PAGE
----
Exploring your new city

Hamburg

This is another guest post by Megan, who recently moved from the US to Hamburg, Germany. 

All I wanted to do once I arrived in Hamburg was explore. I soon found, however, that exploring can be expensive, tiring, and at times overwhelming. There are a few ways to circumvent these problems of exploration, namely: a bus pass, help from locals, and bringing a book along with you.

Once you get to your new city, get a bus or train pass pass. Everyone will tell you that bus passes end up saving you money, and they’re right. Bus passes are fantastically convenient, and the little laminated card can make you feel that much more official in your new home. Be sure to get the best deal on your pass, though. If you are enrolled (even as a guest student) at a local university, you should get the pass for free. Even if you aren’t enrolled at a university you can still get a student price with your old high school or college I.D. Some Au Pair families will buy you your pass so you can take the kids on the subway, and you can of course use it in your free time as well.

Remember that locals are your greatest resource when exploring. Of course the internet is good, too. You can Google “Best places in Hamburg,” or read the New York Times’ 36 Hours in Honolulu (and you totally should!), but a local is almost always the best resource. Not only do you hear what actual citizens enjoy about their city, but you also hear their critiques about these places. The personal interaction of talking with locals about their city also adds more dimensions to exploring than an internet article ever could. And you  have the added benefits of practicing your new language, asking questions, and making new friends.

Exploring and reading are rarely thought of as complementary activities, but the two do go hand in hand. If you’re on a long train ride, reading is like a little mental adventure. Even better, reading a book that takes place in your city (or new language) is like a fictional accompaniment to your real adventure! Right now, for example, I’m reading Königskinder, a story which takes place in my new city, Hamburg. The book was a bestseller here in Germany, so I feel like I’m sort of joining a massive, underground German book club. Not only am I learning about Hamburg, practicing German, and being entertained, but I’m also partaking in contemporary German culture! Find a book that takes place in your new country, or is a bestseller in your country and bring it with you on your adventures. Reading gives you a reason to sit in the park for hours, take a long bus ride, or stop at a café. When you’re finished with the book, it sort of serves as a souvenir from that time you went to the Eiffel Tower or visited Central Park.

There you have it! A few (hopefully) useful tips to help you get to know your new home. We’d like to hear from you too … what do you do to find out about your new city or town? What have you found is the best way to learn how to get around? Please share any tips or ideas in the comments below!

Getting ready for an international move: Packing Tips

Travel, suitcase, airplane

(This is a post by our new blogger, Megan Lester. She will be writing for Best Au Pair Guide on a regular basis, and we happy to have her! Her bio is below)

Conquering the Suitcase/Carry-on:

In a few days I will be flying overseas to spend another year in Germany, which means this week is packing week. One checked bag (40 lbs.) and one carry-on (my trusty backpack) are almost all I need for my time abroad … almost. This post is about how to make the most of your limited packing space: what to leave behind and tricks that can make all the difference.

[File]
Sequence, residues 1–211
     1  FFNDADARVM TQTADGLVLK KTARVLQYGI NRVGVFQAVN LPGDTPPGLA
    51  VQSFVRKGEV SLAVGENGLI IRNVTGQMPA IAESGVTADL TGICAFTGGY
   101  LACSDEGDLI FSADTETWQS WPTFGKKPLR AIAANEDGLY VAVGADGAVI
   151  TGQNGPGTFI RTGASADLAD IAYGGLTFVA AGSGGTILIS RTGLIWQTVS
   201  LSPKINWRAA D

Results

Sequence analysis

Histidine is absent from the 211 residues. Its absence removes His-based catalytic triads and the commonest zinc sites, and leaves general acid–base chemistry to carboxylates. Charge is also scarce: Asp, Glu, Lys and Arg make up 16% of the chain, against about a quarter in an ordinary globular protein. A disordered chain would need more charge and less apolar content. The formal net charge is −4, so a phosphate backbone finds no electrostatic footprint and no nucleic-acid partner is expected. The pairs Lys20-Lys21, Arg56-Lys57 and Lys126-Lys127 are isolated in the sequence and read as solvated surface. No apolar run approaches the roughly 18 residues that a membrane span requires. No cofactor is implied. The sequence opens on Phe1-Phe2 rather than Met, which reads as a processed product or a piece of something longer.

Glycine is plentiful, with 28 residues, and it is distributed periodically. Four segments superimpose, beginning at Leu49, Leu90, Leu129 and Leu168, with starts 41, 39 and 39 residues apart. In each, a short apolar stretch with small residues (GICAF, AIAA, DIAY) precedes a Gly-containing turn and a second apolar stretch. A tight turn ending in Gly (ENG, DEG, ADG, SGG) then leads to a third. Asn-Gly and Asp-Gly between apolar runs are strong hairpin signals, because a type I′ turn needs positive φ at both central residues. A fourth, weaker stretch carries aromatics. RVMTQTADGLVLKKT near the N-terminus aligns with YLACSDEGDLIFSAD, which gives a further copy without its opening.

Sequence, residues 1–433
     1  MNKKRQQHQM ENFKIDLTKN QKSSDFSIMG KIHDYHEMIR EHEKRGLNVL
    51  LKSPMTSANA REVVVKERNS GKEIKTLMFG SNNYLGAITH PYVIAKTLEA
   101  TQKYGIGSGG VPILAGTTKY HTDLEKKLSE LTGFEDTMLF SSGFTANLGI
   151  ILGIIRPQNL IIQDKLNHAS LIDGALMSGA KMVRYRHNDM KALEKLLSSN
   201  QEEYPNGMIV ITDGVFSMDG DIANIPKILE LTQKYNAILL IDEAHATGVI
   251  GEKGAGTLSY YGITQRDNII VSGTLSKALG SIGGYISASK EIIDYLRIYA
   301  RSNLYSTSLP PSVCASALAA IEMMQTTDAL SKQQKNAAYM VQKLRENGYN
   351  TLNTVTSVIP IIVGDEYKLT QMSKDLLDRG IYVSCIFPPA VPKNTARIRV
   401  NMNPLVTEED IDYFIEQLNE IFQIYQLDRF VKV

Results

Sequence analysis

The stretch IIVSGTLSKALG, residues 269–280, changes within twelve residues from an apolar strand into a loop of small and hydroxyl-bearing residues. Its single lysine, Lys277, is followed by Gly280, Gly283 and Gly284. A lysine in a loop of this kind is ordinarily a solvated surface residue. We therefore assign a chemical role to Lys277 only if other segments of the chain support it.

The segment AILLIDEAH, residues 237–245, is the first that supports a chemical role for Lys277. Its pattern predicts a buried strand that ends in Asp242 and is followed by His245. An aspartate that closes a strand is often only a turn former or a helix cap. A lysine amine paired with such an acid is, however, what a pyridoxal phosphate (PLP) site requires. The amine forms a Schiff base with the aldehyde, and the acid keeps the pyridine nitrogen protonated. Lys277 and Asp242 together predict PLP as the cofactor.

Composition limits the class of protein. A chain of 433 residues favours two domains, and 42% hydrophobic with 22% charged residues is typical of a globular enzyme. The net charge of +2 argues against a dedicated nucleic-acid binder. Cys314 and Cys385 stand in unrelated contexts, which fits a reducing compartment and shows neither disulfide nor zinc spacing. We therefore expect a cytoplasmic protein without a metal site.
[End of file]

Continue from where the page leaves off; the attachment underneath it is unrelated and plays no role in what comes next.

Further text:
BUY THINGS THERE

This tip depends, of course, on where you are going. As I am headed to rainy/sunny/snowy Germany, it would seem wise to bring snow boots, a snow jacket, a rain jacket, hats, scarves, etc. But these items alone would take up half of my suitcase and up to a quarter of my weight limit, which is why I am leaving them behind. The clothing and accessories sold in your new country will not only suit the land’s climate (probably better than your clothes do anyway), but will also match the locals’ style. Save room, time, and hassle by buying especially cumbersome items while abroad. When it starts to snow in Germany, finding a chic coat won’t be any trouble at all.

STUPID CLOTHES

We all have stupid clothes. Old track shirts from high school, puke-colored shorts … this isn’t just me, right? I always pack some ‘stupid’ clothes when moving abroad, and here’s why: losing ugly shorts at a hostel is no big deal. Throwing away an old shirt to make room for a souvenir is no big deal. Having an outfit that is fair game to get dirty opens you up to getting dirty. Interpret that as you will. Stupid clothes are comfortable and convenient, but ultimately disposable, which can be a lifesaver on weeklong trips to hot, muggy cities or for camping at a national park.

CARRY-ON MUSTS

A day of flying is exciting and exhausting, but mostly gross. I bring a few things in my carry-on to make me feel a little more human at the end of the day: Wet Wipes, lotion, chapstick, Downy Wrinkle Release, and gum. Wet Wipes make for clean hands in a pinch, improvised showers during unexpected delays, and quick-cleanups for spills and surprises. You can get wipes with alcohol, which also act as stain removers (if prone to spills), or fancy face wipes for a refreshed face after transatlantic trips. Lotion and chapstick obviously keep my skin from turning into scales when on those mega-dry airplanes. Downy Wrinkle Release makes your clothes look and smell good after long days of traveling. If you’re meeting someone at the airport whom you want to impress, a well-timed spritz of wrinkle release can freshen an outfit effortlessly. Gum is a must-have for releasing pressure from your ears on planes, getting fresh breath without a toothbrush, and making friends with your seatmates on long flights.

The most important tip when packing for a move is just to pack appropriately. Search online for your city’s weather, fashion, trends, etc. so you know how to be comfortable and fit in. These other tips will hopefully supplement your packing prowess and get you ready for your international move.

I’d love to hear from readers – what do you do to get ready for a move? Any packing tips that you swear by? Share in the comments below!

Megan Lester is a graduate from the University of Portland where she studied English and German. She recently moved to Hamburg, Germany on a Fulbright scholarship and finds her new home ganz schön.

Five great ways for Au Pairs to travel on the cheap